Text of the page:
Although this category is designed as a playground for the younger generation, it always ends up as a place to stroll through fascinating experiments, which almost every festival visitor feels compelled to visit a second time. It’s create your world, the future festival of the next generation with many years of tradition behind it already. This year’s edition is dedicated to several issues that are currently occupying the thoughts of many young people. Their wishes and ideas about the future will be collected, milled into wooden blocks and assembled into a sculpture (Build Together / Don’t waste IT / VFQ Gesellschaft für Frauen und Qualifikation mbH (AT), played in FM4’s analog Spielekammerl away from virtual worlds (FM4 Spielekammerl feat. Paradice / ORF radio FM4 (AT), Paradice (AT)), the gong was sounded for a sumo fight for low-tech robots and technical dilettantes (Hebocon / Ars Electronica create your world (AT)), 3D printers, laser cutters, sewing machines and laptops were used in the mobile Maker*Space of the Vienna Museum of Technology (roadLAB – Mobiler Maker*Space / Technisches Museum Wien (AT)), and so on. CREATE YOUR WORLD can be experienced from September 7 to 11 in “Kepler’s Garden.”
Festival University — Court Session II
Saturday, September 10, the second “trial” of the Festival University will take place. On the agenda this time is the rather explosive topic of energy, specifically the question of whether nuclear power should be considered green or not. The Court Session will take place on the Festival University Stage in front of the Learning Center. It starts at 10:30 am and ends at 5:30 pm.
Questioning learned patterns, throwing the usual strategies overboard, thinking in new ways and arriving at common solutions — the Transformation Lounge, developed together with the large Japanese advertising and PR agency Hakuhodo, is not an exhibition, it is a place of encounter and discourse. The question of how we can become a sustainable society is joined here by the question of how to communicate about change; how do we need to talk about sustainability, how do we talk about the progress we have made, but above all, how do we talk about our failures in an open and transparent way? In order to avoid always dealing with this in an abstract, global and correspondingly noncommittal manner, Ars Electronica makes itself the subject of discussion in the Transformation Lounge: visitors learn exactly what’s on the festival’s sustainability agenda and which partners it is working with to implement this agenda. They’ll hear about how the green plants that contribute to the festival’s atmosphere every fall are cultivated by Linz’s city gardeners starting in the spring and then returned to them. Or that the edible herbs that adorn the Transformation Lounge are not merely decorative, but are given to visitors at the end of the festival so they can use them to spice up their home-cooked dishes. We learn that hundreds of computers and screens used by the festival team are provided by AfB (Arbeit für Menschen mit Behinderung — Work for People with Disabilities), an eco-social enterprise that specializes in taking over decommissioned IT hardware, deleting the data on it in a certified manner and preparing the equipment for reuse. We also learn that Linz AG makes every festival ticket a free ticket for all public transportation in the city and that the festival has entered into a cooperation with Klimaticket. And it is explained how the festival team is working with experts from Brantner Green Solutions to apply the concept of the circular economy to its own waste management.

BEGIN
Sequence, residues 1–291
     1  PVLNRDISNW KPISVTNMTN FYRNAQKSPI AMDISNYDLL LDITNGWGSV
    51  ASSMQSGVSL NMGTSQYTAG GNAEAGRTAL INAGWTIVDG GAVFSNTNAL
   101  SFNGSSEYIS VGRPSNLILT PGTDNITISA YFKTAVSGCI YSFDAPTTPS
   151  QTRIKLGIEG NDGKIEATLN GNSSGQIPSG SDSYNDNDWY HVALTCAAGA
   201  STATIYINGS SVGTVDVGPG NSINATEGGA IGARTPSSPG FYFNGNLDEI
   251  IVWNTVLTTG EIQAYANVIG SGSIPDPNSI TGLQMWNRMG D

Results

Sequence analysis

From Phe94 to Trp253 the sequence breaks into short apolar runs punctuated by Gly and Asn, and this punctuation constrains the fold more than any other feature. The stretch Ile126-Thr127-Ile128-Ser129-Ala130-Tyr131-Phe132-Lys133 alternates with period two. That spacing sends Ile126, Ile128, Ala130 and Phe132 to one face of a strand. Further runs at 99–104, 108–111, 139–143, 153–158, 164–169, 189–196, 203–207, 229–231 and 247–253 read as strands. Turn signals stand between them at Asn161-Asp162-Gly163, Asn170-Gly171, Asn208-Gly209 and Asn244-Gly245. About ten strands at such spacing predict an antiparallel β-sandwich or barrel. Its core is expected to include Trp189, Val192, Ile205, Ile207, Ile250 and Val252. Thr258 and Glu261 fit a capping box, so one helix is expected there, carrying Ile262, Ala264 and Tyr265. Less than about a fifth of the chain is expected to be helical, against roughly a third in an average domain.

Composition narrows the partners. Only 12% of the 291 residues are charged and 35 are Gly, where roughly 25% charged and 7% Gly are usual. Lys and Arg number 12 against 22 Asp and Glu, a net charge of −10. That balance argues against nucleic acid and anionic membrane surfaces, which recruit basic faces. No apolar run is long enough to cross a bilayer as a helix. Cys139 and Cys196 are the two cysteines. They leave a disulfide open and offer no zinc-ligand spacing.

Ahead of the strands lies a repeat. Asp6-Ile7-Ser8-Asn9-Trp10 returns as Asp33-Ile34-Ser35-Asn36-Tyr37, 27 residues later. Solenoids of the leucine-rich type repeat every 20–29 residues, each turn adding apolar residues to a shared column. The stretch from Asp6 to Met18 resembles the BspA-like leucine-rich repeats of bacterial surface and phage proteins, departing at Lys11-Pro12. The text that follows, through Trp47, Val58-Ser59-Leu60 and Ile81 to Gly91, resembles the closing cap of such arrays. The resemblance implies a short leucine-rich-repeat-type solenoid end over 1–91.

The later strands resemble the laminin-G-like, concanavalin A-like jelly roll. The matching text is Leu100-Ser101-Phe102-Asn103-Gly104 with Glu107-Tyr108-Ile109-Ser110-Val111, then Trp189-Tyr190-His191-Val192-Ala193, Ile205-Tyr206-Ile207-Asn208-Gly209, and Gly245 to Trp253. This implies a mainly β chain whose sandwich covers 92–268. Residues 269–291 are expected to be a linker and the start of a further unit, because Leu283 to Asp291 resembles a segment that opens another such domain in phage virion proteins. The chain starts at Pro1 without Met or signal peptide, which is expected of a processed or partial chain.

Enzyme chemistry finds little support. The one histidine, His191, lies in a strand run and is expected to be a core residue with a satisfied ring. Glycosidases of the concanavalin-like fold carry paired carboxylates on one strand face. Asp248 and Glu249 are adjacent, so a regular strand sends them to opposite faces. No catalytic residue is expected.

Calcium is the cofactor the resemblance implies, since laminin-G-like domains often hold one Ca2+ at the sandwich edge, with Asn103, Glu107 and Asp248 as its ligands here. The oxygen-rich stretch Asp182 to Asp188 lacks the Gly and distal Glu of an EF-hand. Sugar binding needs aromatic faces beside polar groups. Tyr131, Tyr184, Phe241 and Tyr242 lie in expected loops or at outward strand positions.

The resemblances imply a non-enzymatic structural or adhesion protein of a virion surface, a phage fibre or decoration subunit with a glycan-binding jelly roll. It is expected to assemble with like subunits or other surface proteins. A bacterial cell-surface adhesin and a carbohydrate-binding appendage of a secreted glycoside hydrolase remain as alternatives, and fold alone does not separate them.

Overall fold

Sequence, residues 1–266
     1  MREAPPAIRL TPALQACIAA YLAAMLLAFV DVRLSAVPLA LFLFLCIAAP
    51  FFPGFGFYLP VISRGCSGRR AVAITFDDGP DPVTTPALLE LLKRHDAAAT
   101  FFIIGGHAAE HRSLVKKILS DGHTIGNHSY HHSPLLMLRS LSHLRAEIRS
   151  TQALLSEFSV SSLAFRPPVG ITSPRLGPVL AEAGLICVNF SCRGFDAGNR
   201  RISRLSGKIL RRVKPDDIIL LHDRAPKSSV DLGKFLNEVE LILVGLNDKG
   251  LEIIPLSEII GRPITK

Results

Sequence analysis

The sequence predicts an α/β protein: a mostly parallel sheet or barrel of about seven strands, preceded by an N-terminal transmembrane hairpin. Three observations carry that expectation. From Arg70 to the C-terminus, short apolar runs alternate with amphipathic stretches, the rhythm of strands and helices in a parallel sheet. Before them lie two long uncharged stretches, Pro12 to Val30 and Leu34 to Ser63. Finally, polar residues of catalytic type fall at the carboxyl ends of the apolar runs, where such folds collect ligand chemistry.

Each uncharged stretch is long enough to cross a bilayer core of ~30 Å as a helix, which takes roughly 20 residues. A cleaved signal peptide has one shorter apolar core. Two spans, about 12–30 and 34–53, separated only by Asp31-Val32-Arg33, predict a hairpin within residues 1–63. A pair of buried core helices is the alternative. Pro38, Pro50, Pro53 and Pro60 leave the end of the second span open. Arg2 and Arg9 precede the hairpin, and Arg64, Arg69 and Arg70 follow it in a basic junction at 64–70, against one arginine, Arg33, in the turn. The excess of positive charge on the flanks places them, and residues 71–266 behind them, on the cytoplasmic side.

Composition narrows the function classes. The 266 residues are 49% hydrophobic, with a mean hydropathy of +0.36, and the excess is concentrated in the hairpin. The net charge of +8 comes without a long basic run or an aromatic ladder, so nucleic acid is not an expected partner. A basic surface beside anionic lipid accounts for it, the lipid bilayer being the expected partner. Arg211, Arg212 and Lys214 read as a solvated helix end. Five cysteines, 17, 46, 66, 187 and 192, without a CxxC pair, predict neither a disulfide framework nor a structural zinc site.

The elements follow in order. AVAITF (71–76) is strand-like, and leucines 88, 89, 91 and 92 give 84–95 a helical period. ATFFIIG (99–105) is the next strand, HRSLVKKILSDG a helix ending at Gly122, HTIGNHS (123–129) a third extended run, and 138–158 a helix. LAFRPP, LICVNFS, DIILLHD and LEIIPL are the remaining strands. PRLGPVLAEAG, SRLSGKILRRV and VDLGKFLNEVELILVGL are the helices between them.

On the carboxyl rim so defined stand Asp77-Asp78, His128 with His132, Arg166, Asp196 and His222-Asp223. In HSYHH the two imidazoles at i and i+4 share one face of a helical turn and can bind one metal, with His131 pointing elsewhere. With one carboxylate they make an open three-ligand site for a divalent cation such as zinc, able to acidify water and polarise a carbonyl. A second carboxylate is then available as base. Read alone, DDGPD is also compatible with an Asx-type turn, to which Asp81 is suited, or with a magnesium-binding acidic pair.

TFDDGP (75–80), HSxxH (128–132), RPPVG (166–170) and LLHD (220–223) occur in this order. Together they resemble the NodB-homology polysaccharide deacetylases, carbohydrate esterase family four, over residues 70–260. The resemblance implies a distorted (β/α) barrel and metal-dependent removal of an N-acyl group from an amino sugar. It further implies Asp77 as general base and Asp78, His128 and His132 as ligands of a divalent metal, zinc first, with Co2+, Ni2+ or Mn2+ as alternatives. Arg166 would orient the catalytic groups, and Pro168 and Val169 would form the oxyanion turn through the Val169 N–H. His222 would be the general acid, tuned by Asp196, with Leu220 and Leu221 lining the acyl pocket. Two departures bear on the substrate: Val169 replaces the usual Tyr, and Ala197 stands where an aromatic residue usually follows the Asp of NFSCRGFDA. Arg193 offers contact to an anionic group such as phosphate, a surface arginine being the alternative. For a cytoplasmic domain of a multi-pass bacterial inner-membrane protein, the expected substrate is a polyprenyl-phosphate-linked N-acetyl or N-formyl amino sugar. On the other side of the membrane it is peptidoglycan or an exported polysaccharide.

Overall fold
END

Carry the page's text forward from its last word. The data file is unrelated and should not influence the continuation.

Another major topic at the Transformation Lounge is the question of what kind of mobility we’ll need or want in the future. BMW will be an excellent discussion and research partner of the Ars Electronica Futurelab. In the Experience Lab, designed in collaboration with Supersense, a Viennese experimental laboratory for sensory perception and research into the interface between analog and digital, representatives of very different worlds can and should meet and sketch out how they would like to get from here to there on Planet B.
The Transformation Lounge can be visited from September 7 to 11 in “Kepler’s Garden” (forecourt of the Learning Center).
If the earth age of humanity is not to become a catastrophe, we must change course as quickly as possible. The only question is how. Studiotopia is an initiative that seeks to promote collaboration between cultural and research institutions, universities, innovation centers, the creative scene and citizens. The focus is on interfaces for the collection and transmission of knowledge, the role and importance of new creative commons, and co-operation and co-creation by stakeholders. With Carmody Grey (GB), Francesca Thyssen-Bornemisza (CH/AT), Audrey Tang (EN), Babitha George (IN), Audrey-Flore Ngomsik (FR/BE) and many other experts from all over the world, the Ars Electronica 2022 theme symposium has a top-class line-up. The conference will be held on September 9 from 11:00 a.m. to 6:30 p.m. in “Kepler’s Garden” (Lecture Hall 1).
Songs for Amelia Earhart — Laurie Anderson in Concert
Filharmonie Brno (CZ), Dennis Russell Davies (US/AT), Rubin Kodheli (US)
Laurie Anderson has been a fixture on the international media art scene for decades. The work of the musician, composer, filmmaker, author and media artist revolves around the relationship between people and technology and is characterized by a high degree of sociopolitical commitment. Laurie Anderson was honored as a “Visionary Pioneer of Media Arts” at this year’s Prix Ars Electronica.